Million dollar boosts to Hawke's Bay's economy, thousands of jobs, and even flights into the region could be thrown into jeopardy over a proposed Hawke's Bay Tourism funding cut, the agency says.
Hawke's Bay Tourism promotes the region as a tourism destination, and has ramped up efforts in the past three years due to an increase in funding through the Hawke's Bay Regional Council.
In this time, an additional 470,000 visitor nights have been spent in the region, at least 880 new jobs have been generated, and direct visitor spending is tracking at 6 per cent annual growth.
But there are fears this momentum could be lost - as the council plans to focus more on its environmental priorities, proposing a cut to the agency's funding by $1.8 million over three years in its Long Term Plan 2018-2028.
This has been met with strong opposition from the tourism industry, local businesses, and even the region's mayors, but the council argues after a "dramatic" funding boost in 2015, it's time for the multimillion-dollar sector to stand on its own.
Hawke's Bay Tourism general manager Annie Dundas said over time a cut could hit businesses in the pocket, and mean the downsizing of annual events which contribute to the local economy, resulting in the loss of hundreds of millions of dollars over time.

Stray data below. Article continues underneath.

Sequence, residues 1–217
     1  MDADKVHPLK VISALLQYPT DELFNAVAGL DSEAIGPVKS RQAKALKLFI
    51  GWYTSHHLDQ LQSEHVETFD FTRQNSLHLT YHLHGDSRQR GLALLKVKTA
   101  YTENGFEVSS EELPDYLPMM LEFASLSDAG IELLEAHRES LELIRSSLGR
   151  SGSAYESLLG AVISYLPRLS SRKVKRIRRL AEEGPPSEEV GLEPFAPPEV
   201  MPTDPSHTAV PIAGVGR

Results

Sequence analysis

Visitor spending hit $630m last year and was predicted to be at $830m by 2021.
The first impact of a cut would be advertising, limiting Hawke's Bay Tourism's ability to promote the region nationally, and internationally. This in turn could result in fewer visitors and less spending at tourism operators, restaurants, hotels, and local businesses.
The bigger impact would be felt in years two and three, as the growth pushed by tourism promotion really slowed, impacting the agency's goal of creating a sustainable, year round tourism industry.
"Six years ago we had a really big peak and then everything stopped in March and kind of started again in October. We're now seeing April's strong, May's strong.
"You've got to give people a reason to come, we've got lovely scenery, and lovely wineries and lovely stories to tell ... but you've got to keep reminding people because other regions in New Zealand have got a lot of that too."
Reduced funding could limit the development of new events for the region, and support of more recent additions to the tourism calendar - like the Air New Zealand marathon – which brings about 14,000 to the region.
"I've talked to some of the wineries and they've talked about it being as big as the Mission weekend," Ms Dundas said. "Something like that in May makes a business profitable in that month, whereas before they wouldn't."
Events already established on the Hawke's Bay calendar – the Art Deco Festival, F.A.W.C!– still received huge support from Hawke's Bay Tourism, but did not need as much promotion as some of the newer ventures.
A drop in funding might not have much of an impact on the cruise market - which brings up to $21m to the region's economy – as the industry was "very beholden" to their customers, so picked destinations based on customer feedback.
"The bigger impact is if things start to change too much, some of our airline partners will look a little differently perhaps at Hawke's Bay.